The tomb of Twosret and Setnakhte showing descending corridor
(Wadi Biban el Muluk = Gate of the Kings)
This is a valley in west bank of River Nile; part of the Theban Archaeological Sites (near Luxor or Karnak Temple). The Theban (old name for
A second life with all paraphernalia
Ancient Egyptians believed in life after death within the same body; hence they preserved the dead ones after mummification. This is a process done to preserve the dead body so that the dead can happily go through his life after death. The internal organs were removed and some spices where stuffed in to the hollow parts; the body was embalmed with silk cloth for protection. Along with the body four jars were also kept with the removed internal organs like liver, lungs, stomach and intestine. There was also placed a shabti or statuette often made of marble or wood as company to the dead along with images of Egyptian gods for his care. Food materials, ornaments, gold, and all required for the dead for his after life were placed in his tomb.
The majestic Al Qurn a natural pyramid
Tomb raiders and flash floods
As these tombs contained valuable materials; it was a general practice for thieves to break in and rob the toms (they were called tomb robbers). There were royal guards posted for the protection of these sites yet most of the 64 tombs of the site remain broken. The damages were done from the part of the weather also; though the site is a part of the big
The status of these valleys (within the Theban Necropolis) as a Royal Burial remained intact for almost five hundred years (from the 12th to 18th dynasties (16th century BC to 11th century BC) and the number of tombs rose to that level the site got too much crowded and cutting tract for one often reached in to a previous one. There was no master plan or atlas to lead the grave diggers, yet it remains a mystery that such collisions were comparatively rare. While these tombs were virtual treasures of history and culture; in the absence of master plans they remained elusive to the explorers; about two centuries and hard labor of thousands of people were required to find them out.
Each tomb a task
It is from the 18the century onwards serious researches commenced by archaeologists in these sites. They have done extensive works on this site and found many clues to demystify the ancient history of
Tricks of the trade
The tombs discovered were numbered prefixing ‘KV’ for the Valley of Kings like KV 1, KV 2 etc, those in the western valley are with prefix like WV 22, 23 etc. The digging of a tomb had to be done horizontally; that involved more strain; men had to work in tunnels that were humid, crammed and dark (this portion belonged to the
The following are the sites with names and relevance
KV 1 belongs to Ramesses 7; 20th Dynasty; discovered in 1984 by Edwin Brock,
KV 2 is of Ramesses 4; low down main valley located between KV 1 and KV 7.
KV 3 no marks of burial, might be for son of Ramesses 3, and later used a Christian chapel.
KV 4 is the last Royal Tomb; supposed to be of Ramesses 11 of the 20th Dynasty; excavated by John Romer.
KV 5 son of Ramesses 2; was a very amazing tomb that was lying filled with mud of the flash flood, though it was noticed as early as 1825 by James Burton and later by Howard Carter; its real quality assessed only during 1987 - 1995. The Theban Mapping Project undertaken by Kent A Weeks made a real break through; potsherds, beads, ushabti (funerary figures placed in tombs with other grave goods), a big statue of Osiris the god of afterlife etc were recovered from it.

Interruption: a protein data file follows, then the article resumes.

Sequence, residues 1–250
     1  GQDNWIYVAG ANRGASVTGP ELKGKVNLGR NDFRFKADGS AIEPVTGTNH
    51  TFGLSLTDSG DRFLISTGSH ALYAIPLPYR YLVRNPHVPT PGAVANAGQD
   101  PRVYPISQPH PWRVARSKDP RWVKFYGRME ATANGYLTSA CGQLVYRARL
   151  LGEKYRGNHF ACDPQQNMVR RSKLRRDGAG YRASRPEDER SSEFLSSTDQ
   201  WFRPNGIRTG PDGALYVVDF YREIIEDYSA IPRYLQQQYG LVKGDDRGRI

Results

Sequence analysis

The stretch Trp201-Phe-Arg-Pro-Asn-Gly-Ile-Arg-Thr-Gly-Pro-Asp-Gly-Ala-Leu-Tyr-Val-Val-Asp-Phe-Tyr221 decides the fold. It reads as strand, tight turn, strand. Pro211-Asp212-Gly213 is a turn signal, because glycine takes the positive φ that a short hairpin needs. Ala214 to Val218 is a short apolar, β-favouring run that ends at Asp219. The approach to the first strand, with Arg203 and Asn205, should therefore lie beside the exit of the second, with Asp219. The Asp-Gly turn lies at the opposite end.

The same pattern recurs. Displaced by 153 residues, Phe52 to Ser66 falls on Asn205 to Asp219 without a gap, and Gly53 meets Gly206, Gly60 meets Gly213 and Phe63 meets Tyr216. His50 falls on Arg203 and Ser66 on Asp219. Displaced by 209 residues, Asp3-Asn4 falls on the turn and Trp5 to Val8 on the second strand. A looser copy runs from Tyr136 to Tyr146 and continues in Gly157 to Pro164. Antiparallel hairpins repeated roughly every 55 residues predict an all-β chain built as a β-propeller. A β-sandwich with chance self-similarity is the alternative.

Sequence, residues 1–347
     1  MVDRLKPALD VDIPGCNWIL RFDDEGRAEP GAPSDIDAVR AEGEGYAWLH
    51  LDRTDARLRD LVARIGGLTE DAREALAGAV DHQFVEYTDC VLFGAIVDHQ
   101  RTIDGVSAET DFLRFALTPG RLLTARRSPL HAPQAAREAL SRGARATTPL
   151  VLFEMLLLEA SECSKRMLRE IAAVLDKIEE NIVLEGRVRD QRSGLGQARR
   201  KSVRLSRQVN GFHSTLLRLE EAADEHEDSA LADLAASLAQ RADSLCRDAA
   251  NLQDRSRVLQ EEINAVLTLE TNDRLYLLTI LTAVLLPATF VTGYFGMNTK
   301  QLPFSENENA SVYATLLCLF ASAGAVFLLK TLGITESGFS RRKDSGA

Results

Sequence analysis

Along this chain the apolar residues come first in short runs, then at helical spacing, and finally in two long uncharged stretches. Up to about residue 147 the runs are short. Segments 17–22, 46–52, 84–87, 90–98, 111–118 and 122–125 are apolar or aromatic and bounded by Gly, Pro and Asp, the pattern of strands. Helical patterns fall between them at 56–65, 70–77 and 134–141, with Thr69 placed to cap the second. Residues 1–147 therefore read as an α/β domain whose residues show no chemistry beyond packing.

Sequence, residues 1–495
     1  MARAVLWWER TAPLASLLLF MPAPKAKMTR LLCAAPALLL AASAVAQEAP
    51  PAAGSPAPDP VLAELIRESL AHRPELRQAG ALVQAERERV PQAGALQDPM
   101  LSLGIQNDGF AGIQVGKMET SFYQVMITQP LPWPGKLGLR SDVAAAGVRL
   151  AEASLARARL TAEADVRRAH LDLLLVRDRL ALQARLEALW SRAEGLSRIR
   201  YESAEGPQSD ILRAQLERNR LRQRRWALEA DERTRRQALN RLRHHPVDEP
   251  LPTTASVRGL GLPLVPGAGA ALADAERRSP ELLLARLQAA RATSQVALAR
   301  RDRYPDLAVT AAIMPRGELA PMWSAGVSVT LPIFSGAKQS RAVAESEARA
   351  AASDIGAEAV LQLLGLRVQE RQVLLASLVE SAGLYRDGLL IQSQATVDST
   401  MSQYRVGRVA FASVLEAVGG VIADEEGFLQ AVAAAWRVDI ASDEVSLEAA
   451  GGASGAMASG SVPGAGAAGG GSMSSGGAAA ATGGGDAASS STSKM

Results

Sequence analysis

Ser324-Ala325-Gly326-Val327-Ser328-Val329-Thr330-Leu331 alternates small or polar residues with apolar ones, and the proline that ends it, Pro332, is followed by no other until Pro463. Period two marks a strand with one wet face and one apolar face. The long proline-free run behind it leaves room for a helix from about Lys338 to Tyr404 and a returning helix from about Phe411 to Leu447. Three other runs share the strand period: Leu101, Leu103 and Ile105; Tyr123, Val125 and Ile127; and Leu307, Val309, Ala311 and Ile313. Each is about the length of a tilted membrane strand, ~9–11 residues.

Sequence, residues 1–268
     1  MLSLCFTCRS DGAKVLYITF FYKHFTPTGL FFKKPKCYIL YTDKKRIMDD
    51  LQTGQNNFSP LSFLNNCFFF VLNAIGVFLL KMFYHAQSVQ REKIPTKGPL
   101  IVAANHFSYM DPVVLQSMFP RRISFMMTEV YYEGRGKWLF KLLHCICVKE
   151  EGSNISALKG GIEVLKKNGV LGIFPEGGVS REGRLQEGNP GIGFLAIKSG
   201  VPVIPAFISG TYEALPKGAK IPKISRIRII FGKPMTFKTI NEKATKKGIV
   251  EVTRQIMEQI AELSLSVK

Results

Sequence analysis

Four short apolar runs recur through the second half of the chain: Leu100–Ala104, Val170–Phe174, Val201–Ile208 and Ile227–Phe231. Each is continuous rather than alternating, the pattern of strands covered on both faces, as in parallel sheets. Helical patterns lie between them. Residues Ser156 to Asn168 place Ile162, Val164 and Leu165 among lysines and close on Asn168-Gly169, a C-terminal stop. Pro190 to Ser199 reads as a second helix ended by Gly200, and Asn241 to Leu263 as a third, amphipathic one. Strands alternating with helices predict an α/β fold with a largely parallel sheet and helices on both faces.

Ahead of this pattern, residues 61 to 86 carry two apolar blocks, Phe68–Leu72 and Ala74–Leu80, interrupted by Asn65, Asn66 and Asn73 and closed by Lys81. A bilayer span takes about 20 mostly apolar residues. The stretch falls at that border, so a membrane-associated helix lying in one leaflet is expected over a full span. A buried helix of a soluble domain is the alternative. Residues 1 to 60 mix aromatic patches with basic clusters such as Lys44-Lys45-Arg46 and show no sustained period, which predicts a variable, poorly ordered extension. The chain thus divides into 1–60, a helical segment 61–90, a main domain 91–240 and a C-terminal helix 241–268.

KV 6, built for Ramesses 9; unfinished as king died earlier; big gate and ramp; final chamber with exquisite graffiti made for ‘opening of mouth’ ceremony (a ritual when the mouth of the dead is opened for breathe and talk); an
KV6 - valley of the kings
KV 7 the final resting place for Ramesses 2; badly damaged by floods.
KV 8 built for Merenptah; corridor 160 meters long; sarcophagus was originally built in four nested stones.
KV 8 - valley of the kings
KV 9; built for Ramesses 5 but had to be used for his uncle Ramesses 6; built in typical 20th Dynasty simple style.
KV 10; believed to be of Pharaoh Amenmesse.
KV 11; built for Ramesses 3; opened in unknown times; also known as Harpers Tomb as there are pictures of blind harpers on its walls; as Bruce entered in to it in 1761it is also called Bruce Timb.
KV 11 - valley of the kings
KV 12; a tomb used for multiple burials; similar to KV 5; excavated by Harold James, Otto Schaden and Howard Carter.
KV 13; said to belong Bay the owner of the tomb who was executed by Pharaoh; but no remains of him found; excavated by Hartwig Attenmuller.
KV 14; one of the largest tombs; made for two persons; was opened in antiquity; recordings made by Hartwig Altenmuller between 1983 and 87.
KV 15; made for Pharaoh Seti 2; the sarcophagus removed and an unidentified mummy placed instead of it; excavated by Howard Carter.
KV 16; built for Ramesses 1 of the 19th Dynasty; decorated with the ‘Book of Gates’ (a sacred text of ancient Egypt which states that the soul of the dead has to pass through numerous gates each guarded by a goddess; only after answering her questions one can pass through; those who fail will be put in to the lake of fire!); excavated by Geovanni Belzoni.
KV 17; built for Seti 1; the largest tomb but damaged by ‘explorers’ who removed some sections to be taken away; excavated by Geovanni Belzoni, G. Battista and Howard Carter.
KV 18; is incomplete.
KV 19; made for Ramesses 8 but had to be used for Ramesses 9; paintings of Egyptian Gods like, Osiris, Ptah, Khonsu, Thoth etc decorate the walls; excavated by Belzoni.
KV 20 is significant as the tomb for Thutmose and Queen Hatshepsot (queens body was identified only on June, 2007 by DNA tests; the body of Thutmose 1 was removed by Thutmose 3 later to KV 38; excavated by Howard Carter.
KV 21 contains only unidentified mummies of two women; excavated by Geovanni Belzoni in 1817;